By the time Martin Stelfox and David Balson found Elsa, a juvenile Olive Ridley sea turtle, she was nearly dead. The rare turtle was suffering from dehydration, starvation, and severe injuries that led to her losing both of her front flippers—all because she had gotten herself tangled in a "ghost net," a fishing net that had been discarded, abandoned, or lost in the ocean.
"Fishing nets are designed to entangle, suffocate, and kill marine animals, and that's precisely what they do even after they have been lost," says Stelfox, who, along with Balson, founded the Olive Ridley Project in response to the large number of Olive Ridley sea turtles being trapped in ghost nets near the Maldives, a popular surf destination in the Indian Ocean. Their team actively targets the origins of ghost nets using information gathered from a small community of activists who log where and when they find them. The nets can trap animals for weeks, subjecting them to extreme conditions and repeated attacks from scavengers until they finally die.
But the issues are more far-reaching than the suffering of any single organism. Even after a ghost net has eroded, toxins like DDT and PCB can accumulate on the small net fibers, explains Balson, which are then ingested by plankton and other small organisms. These animals are then consumed by a wide range of larger marine animals, eventually spreading the poison into the human diet. The long-term effects? Lower birth weights, slowed development, and even cancer.
To date, more than 130 nets have been removed and logged in the Maldives, but estimating the total number of nets still floating in waterways around the world is an incredibly difficult task. But the Olive Ridley Project is working with other concerned organizations in India and Sri Lanka to bridge the knowledge gap. "Ghost fishing is a global problem and occurs around the world," says Stelfox. "Consider how many coastal populations rely on fishing as a source of protein and income."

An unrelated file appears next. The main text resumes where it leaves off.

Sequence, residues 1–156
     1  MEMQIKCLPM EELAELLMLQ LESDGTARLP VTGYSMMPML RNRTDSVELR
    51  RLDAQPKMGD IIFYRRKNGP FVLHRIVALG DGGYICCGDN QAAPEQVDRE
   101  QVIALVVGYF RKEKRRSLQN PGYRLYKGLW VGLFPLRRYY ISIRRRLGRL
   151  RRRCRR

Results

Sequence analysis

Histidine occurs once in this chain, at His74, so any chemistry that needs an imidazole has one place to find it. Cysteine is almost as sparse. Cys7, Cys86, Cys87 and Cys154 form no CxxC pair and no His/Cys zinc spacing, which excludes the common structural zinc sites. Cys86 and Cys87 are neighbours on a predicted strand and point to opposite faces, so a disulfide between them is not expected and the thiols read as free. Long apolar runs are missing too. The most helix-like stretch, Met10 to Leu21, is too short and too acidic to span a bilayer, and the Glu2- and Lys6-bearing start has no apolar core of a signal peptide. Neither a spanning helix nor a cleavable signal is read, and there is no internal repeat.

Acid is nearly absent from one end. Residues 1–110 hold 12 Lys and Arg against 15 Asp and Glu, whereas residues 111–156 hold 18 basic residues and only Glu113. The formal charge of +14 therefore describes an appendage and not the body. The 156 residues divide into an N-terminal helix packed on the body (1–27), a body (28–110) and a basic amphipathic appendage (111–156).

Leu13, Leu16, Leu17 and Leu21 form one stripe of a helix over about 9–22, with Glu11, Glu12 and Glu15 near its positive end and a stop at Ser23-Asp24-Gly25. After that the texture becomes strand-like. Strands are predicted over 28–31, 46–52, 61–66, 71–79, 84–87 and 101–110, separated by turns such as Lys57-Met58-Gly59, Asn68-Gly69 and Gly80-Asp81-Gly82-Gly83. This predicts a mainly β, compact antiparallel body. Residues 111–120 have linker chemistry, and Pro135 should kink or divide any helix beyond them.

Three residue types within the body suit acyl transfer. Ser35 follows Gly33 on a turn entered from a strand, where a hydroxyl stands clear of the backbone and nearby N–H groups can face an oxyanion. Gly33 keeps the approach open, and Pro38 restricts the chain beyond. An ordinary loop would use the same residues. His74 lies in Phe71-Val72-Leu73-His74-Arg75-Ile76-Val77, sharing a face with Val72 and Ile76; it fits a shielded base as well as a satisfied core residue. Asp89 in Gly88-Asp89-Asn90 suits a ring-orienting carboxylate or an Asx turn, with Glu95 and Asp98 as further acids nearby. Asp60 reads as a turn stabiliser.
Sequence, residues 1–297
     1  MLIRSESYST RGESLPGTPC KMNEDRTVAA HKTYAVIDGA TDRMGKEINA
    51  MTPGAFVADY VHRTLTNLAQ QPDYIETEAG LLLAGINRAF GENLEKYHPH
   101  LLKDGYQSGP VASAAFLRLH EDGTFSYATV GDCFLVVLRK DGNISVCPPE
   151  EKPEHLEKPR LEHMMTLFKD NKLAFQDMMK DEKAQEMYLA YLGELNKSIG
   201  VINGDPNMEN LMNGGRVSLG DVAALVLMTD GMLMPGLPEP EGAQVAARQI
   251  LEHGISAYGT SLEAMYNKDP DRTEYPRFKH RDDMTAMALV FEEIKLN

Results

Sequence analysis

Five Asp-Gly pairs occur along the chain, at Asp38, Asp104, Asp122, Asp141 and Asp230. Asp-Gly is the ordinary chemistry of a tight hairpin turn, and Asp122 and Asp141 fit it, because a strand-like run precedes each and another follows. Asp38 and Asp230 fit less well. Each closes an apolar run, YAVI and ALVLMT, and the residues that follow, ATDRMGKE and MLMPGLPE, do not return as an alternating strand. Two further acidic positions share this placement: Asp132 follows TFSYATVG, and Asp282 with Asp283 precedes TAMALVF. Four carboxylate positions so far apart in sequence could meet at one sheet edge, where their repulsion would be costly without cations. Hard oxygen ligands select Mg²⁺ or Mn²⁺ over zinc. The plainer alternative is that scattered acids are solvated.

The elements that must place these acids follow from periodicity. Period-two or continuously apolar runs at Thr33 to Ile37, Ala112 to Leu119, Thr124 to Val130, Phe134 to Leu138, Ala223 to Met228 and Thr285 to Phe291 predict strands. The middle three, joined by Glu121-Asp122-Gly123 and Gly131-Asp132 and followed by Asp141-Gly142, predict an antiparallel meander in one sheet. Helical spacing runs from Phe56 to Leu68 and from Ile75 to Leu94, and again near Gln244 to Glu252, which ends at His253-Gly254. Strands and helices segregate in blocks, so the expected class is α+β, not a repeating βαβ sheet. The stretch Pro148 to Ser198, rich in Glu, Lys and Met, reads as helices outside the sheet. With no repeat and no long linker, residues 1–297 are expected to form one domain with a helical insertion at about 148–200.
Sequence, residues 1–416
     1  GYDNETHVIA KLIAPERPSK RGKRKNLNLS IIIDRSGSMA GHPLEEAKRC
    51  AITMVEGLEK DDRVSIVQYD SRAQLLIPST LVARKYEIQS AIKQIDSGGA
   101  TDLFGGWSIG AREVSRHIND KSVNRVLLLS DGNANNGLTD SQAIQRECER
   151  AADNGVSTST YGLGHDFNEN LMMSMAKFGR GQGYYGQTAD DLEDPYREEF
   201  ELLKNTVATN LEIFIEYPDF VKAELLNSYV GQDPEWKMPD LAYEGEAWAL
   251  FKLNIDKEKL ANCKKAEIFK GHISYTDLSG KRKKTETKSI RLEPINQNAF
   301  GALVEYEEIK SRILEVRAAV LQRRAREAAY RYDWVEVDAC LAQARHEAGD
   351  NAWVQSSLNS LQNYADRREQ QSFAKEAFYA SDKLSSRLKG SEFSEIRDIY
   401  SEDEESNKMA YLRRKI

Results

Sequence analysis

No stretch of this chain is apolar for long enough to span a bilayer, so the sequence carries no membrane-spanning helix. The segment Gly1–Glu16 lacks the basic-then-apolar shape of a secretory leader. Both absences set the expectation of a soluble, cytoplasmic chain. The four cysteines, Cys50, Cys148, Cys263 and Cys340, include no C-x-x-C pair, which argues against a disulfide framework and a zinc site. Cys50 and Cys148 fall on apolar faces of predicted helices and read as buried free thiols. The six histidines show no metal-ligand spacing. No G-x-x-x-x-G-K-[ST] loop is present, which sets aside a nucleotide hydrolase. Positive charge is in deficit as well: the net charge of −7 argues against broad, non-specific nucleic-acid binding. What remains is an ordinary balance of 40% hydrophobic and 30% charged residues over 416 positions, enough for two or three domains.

So what should you do if you find a ghost net while surfing or diving? Balson explains that the most important thing is to remove and release any entangled marine organisms as quickly and efficiently as possible—but keep in mind that the injuries sustained by the animals may not always be visible. "A marine turtle trapped at the surface in fishing nets can suffer from buoyancy problems for years," says Balson, who suggests contacting local animal-rescue groups for help. Be cautious around the net, which could harbor sharp barnacles and dangerous toxins and attract large predators like sharks.
"Remove the net from the ocean to ensure the ghost net does not destroy any more marine organisms," says Stelfox. You can also provide the Olive Ridley Project with important information about where and when you picked the net out of the water. While no recycling plans are in effect at the moment, the Olive Ridley Project is in talks with a company that would possibly up-cycle the nets into carpet tiles.
For more information, visit oliveridleyproject.com.
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